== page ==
Good morning and welcome to meeting number 15 of the House of Commons Standing Committee on the Status of Women.
Today's meeting is taking place in a hybrid format, pursuant to the House order of January 25, 2021. The proceedings will be made available on the House of Commons website. The webcast will always show the person speaking rather than the entirety of the committee. If you're on Zoom—and everyone other than Stephanie is—please use the “raise hand” function.
Today the committee is resuming its study on challenges faced by women living in rural communities.
To our witnesses, welcome. Before you speak, wait until I recognize you by name. When we get into the questions, you can just answer as they're directed. Comments should be addressed through the chair. Interpretation in this video conference is very much like that in a regular committee meeting. You can select, at the bottom of your screen, whether you hear English, French or floor. When speaking, please do so slowly and clearly for the interpreters, and when you're not speaking, you should be on mute.
Let me welcome the witnesses. We have today, as an individual, Katie Allen.
We also welcome Renée Fuchs, from the Centre Victoria pour femmes.
We have, from Red Deer County, Jean Bota, who is a councillor there.
Also joining us is the Mayor of the Ville de Magog, Ms. Vicki-May Hamm.
Each of you will have five minutes for your opening comments, and then we'll go into our rounds of questions.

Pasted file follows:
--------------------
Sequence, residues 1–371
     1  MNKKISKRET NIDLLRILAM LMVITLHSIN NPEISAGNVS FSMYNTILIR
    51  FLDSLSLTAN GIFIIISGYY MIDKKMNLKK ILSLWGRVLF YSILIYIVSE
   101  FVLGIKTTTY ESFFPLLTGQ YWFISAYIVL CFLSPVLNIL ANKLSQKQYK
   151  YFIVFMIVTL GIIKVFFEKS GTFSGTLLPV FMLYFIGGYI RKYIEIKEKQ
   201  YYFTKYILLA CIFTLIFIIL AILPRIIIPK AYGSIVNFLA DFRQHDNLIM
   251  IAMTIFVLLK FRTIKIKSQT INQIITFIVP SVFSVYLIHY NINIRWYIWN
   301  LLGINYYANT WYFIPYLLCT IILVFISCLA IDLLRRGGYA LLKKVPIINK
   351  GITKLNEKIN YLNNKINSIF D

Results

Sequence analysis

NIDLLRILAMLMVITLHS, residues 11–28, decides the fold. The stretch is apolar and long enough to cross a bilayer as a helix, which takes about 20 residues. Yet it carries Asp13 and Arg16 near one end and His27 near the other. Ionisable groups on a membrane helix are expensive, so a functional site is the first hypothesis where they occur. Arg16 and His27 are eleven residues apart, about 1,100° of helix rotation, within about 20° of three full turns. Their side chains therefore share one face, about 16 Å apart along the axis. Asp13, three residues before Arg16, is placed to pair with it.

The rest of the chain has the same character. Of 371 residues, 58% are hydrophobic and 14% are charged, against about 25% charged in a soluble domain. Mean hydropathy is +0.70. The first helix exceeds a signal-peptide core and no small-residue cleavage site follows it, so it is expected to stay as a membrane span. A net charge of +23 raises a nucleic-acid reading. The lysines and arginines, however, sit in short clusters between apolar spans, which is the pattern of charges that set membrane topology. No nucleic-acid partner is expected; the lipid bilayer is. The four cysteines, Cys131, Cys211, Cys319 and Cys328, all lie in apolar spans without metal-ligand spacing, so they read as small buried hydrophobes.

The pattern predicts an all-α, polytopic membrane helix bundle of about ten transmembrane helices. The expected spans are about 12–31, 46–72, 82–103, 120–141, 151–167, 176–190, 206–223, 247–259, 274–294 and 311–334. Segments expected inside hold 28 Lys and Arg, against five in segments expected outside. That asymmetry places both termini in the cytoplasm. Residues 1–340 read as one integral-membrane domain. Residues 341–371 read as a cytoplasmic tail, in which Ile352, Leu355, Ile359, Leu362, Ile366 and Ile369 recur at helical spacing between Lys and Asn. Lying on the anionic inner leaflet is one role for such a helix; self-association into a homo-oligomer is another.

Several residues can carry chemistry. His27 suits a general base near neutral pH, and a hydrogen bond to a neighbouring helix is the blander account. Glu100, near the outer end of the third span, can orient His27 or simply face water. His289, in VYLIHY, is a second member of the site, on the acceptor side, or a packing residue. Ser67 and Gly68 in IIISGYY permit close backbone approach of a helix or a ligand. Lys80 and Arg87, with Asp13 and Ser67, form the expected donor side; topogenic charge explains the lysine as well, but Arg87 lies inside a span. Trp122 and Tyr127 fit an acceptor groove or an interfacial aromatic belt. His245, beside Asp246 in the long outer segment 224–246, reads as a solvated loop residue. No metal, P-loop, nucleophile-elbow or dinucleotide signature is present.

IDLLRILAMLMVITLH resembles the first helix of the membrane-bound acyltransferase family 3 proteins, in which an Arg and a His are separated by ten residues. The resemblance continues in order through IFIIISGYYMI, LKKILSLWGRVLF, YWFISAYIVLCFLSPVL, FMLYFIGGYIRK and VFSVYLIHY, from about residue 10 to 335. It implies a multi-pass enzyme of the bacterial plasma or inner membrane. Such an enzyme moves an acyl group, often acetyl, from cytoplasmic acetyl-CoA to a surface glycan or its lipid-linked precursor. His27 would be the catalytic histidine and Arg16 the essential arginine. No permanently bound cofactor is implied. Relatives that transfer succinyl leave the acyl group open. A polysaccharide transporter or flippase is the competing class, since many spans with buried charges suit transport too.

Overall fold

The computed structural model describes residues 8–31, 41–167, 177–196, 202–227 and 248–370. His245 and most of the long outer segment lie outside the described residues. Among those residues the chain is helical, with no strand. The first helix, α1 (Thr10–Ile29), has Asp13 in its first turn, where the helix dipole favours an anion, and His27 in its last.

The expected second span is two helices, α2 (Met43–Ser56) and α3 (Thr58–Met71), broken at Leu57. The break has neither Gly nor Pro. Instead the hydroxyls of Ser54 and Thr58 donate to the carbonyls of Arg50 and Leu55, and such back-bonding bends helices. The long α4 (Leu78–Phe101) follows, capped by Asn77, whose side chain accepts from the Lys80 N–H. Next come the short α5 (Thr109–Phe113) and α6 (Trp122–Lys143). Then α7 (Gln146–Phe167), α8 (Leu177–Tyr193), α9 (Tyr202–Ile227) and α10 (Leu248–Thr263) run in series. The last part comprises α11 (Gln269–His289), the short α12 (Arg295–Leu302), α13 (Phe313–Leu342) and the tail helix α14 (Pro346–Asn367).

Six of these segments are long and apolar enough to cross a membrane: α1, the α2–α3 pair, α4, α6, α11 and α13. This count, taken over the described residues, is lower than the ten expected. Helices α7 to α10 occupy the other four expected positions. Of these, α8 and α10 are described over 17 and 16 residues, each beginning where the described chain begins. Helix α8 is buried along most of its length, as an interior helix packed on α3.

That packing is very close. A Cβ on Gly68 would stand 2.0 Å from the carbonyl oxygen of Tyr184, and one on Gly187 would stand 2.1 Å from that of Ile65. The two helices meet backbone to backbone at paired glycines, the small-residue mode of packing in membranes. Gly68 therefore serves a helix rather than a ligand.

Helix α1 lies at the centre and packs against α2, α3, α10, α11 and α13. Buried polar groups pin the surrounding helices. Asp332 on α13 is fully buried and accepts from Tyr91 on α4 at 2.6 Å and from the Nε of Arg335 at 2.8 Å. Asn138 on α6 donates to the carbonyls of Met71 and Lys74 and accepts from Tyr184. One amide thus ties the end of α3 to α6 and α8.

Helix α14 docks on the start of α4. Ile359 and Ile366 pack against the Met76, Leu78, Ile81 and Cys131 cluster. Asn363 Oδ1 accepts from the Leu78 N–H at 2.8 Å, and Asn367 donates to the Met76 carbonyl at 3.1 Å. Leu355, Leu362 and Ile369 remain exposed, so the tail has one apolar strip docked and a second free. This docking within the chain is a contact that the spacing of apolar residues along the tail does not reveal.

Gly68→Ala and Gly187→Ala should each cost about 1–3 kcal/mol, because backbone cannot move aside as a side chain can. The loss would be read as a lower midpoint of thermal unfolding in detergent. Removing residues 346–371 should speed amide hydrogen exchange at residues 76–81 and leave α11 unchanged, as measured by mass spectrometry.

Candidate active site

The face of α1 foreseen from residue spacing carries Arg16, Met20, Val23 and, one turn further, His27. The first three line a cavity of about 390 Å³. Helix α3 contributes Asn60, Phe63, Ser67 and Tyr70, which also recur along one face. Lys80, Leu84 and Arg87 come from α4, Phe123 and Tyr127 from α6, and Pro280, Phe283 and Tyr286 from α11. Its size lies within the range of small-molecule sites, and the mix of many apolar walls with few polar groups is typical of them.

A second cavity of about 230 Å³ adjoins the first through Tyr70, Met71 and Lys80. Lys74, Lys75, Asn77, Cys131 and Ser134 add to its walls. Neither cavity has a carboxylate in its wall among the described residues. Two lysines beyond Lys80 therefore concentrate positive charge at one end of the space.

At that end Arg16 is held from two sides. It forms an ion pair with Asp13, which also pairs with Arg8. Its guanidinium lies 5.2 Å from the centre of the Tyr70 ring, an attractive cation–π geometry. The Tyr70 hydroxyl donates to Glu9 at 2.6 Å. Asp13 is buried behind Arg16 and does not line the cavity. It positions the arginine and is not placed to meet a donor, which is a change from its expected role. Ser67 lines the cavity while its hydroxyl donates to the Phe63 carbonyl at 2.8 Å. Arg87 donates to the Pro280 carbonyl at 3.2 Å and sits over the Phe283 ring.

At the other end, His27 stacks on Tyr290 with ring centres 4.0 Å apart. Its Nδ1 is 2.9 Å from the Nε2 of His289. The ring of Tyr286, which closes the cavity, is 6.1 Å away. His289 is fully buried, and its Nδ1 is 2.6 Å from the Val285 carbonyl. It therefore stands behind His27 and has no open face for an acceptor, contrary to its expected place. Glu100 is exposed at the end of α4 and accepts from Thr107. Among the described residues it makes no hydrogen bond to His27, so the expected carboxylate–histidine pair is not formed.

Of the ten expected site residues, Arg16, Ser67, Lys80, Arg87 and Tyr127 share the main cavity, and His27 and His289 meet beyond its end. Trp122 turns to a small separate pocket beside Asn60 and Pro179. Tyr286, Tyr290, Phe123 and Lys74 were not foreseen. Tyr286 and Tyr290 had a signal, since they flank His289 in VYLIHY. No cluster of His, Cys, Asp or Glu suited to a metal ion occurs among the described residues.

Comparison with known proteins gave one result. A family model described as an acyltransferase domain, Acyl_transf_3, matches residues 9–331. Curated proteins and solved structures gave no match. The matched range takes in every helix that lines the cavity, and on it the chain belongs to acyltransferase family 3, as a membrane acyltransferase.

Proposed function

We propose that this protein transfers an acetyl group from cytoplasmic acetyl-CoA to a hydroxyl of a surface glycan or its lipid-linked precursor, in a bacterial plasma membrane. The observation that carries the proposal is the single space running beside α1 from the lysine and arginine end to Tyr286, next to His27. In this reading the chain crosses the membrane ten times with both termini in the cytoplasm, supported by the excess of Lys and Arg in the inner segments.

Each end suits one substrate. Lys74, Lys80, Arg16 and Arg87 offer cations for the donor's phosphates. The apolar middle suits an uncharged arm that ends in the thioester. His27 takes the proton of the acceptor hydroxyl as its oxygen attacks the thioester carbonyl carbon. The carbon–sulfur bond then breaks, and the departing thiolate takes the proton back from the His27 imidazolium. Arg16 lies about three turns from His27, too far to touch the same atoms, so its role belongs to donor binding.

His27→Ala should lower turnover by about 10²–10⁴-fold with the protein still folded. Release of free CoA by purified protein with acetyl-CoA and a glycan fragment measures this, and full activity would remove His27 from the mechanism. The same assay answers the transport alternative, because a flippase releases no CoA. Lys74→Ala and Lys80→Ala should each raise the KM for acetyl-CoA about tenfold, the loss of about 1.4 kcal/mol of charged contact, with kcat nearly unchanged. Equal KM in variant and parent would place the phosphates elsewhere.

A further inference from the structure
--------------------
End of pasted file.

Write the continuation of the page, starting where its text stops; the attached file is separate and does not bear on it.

We will begin right away with Ms. Allen for five minutes.
Wonderful. Thank you very much.
Good morning. My name is Katie Allen, and I am a Ph.D. candidate in rural studies at the University of Guelph. It's my honour to be here with you today. My contributions to this discussion today are informed by my academic studies as well as my experience as a leader in supporting women’s participation in rural society. I will discuss access to services, employment and labour and accessibility for affordable housing and emergency and second-stage shelter space. I will follow up on these challenges with recommendations for your consideration.
Regionalization and the downloading of responsibilities to local government, non-profit and charitable organizations—without the matched support of funding—has had significant impacts on women’s ability to access critical health, social and justice services. Additionally, the closure of schools and postal offices, the loss of local infrastructure like gas stations, and limited access to broadband and telecommunications infrastructure continue to further isolate rural women from critical services. Without access to these services in their local communities, rural women face poorer outcomes across the board in terms of their social and economic well-being, health and safety, and engagement in decision-making processes that impact their lives. A lack of public transportation options exacerbates these challenges and particularly impacts senior women.
Often, social and health-related programs and services are downloaded to local non-profit charitable organizations or local governments in an attempt to fill gaps in service delivery. However, this process is often not supported by increased funding to these agencies, resulting in pressure on sectors that do not have the financial capacity or the human resources to adequately and appropriately deliver on their new responsibilities. COVID-19 has intensified the fragility of these sectors and exacerbated gaps in capacity and financial instability.